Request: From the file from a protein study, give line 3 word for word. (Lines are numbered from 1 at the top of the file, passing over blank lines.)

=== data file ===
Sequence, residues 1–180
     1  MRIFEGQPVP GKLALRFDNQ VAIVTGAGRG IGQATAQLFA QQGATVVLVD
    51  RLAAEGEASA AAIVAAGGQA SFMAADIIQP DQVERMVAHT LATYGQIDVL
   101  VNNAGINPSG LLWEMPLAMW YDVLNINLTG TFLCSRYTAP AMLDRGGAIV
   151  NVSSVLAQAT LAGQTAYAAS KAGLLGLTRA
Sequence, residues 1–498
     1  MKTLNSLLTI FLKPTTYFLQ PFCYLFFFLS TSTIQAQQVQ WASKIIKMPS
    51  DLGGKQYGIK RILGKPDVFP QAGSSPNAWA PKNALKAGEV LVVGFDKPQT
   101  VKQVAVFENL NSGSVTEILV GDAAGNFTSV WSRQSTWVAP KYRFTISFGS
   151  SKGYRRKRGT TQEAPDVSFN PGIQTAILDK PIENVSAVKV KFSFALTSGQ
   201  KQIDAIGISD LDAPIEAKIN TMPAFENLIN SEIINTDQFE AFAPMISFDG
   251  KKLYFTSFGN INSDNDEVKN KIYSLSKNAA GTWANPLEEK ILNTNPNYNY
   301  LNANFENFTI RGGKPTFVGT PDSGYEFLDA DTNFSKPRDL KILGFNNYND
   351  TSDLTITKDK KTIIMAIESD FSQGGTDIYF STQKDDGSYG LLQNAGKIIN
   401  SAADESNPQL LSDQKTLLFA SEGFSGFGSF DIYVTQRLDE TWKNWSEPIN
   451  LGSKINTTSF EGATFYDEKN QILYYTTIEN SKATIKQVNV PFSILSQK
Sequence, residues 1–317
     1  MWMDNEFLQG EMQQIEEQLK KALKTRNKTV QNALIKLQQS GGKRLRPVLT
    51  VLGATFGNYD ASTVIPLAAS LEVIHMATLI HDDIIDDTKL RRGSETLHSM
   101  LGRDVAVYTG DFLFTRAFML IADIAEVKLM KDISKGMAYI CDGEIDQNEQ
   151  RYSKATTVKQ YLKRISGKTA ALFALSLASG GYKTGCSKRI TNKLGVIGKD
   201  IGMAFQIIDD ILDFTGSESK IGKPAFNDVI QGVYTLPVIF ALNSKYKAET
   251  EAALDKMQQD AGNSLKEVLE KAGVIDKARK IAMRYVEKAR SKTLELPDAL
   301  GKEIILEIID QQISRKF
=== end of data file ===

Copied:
    51  RLAAEGEASA AAIVAAGGQA SFMAADIIQP DQVERMVAHT LATYGQIDVL